I think it’s very, very important to make fun of politicians. Very important. In the age of the career politician, they seem to have become this slightly inhuman creature, wriggling their fingers and cackling together in corners. They come either at Mr Burns, from The Simpsons, or kids in the playground, having a squabble. “Yes, I know the economy has gone to shit, BUT LABOR STARTED IT.” And when you look at it that way, it’s really hard to not make fun of them. I don’t think we really acknowledge just how much power these men (yes, men. In the UK the ratio of male to female politicians is alarming, but that’s another story for another time) is utterly terrifying. They can have power over our jobs, our houses, who we can marry, if we’re allowed to leave or re-enter the country. I recently finished reading ‘The Handmaid’s Tale’, by Margret Atwood. I had to hide under my bed for most of it. If you haven’t read it, I suggest you do, and then I suggest you cry.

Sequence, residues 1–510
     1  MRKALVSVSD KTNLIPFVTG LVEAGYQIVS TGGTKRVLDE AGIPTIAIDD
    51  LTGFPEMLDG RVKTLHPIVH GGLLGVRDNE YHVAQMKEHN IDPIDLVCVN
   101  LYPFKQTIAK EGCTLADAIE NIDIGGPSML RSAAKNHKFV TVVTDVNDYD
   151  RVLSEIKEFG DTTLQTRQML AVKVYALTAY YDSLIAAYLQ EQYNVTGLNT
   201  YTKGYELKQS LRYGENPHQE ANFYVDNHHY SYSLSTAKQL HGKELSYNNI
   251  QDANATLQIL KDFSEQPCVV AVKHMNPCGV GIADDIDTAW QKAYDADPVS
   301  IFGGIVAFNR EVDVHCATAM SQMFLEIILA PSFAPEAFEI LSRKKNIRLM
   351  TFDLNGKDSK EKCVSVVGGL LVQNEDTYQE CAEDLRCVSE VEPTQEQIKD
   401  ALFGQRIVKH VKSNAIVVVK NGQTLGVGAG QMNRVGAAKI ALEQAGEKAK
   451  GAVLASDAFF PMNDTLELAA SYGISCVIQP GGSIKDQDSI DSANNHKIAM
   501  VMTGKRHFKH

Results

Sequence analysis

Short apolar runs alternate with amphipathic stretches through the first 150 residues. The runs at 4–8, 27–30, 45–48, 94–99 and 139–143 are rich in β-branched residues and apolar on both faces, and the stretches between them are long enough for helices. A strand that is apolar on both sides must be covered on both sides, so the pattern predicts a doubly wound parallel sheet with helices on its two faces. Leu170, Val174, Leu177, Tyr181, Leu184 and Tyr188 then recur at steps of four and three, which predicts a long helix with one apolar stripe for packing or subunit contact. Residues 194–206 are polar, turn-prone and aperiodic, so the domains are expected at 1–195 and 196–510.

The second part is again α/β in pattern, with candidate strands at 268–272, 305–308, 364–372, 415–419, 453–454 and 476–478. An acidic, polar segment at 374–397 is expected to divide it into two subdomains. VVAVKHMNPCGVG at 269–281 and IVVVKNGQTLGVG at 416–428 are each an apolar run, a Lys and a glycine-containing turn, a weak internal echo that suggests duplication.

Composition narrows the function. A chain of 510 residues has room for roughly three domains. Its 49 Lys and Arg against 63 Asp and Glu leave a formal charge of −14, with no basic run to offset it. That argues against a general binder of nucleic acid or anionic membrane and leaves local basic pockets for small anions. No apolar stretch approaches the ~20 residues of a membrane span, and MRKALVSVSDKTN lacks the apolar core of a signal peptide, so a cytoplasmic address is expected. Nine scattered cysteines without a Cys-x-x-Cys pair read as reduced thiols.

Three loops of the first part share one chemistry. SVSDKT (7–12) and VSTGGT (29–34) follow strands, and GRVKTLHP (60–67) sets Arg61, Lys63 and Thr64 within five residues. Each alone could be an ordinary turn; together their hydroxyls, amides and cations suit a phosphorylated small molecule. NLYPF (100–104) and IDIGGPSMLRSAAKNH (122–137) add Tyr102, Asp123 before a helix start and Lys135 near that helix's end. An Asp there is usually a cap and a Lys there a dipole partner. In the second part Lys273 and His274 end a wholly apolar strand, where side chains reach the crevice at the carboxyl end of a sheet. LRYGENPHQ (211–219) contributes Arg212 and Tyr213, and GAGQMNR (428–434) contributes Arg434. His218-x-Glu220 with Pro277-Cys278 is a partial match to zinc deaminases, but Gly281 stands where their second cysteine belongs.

I like making fun of politicians. It briefly brings some of the power back to us. George Osborne may take benefits away from the disabled, but ahahahaha, he looks like a confused six year old. I want to do that thing where you pinch his cheeks and wibble his face. I have nick-named him Puppy, much to the annoyance of my family – who like watching the news in the evening.
Recently the news came out that Nick Clegg would like to carry on the coalition after the next election. Of course he would, he’d miss cuddle time with David Cameron.
I’m not even going to start on Ed Balls. I’ll let you fill in your own jokes there.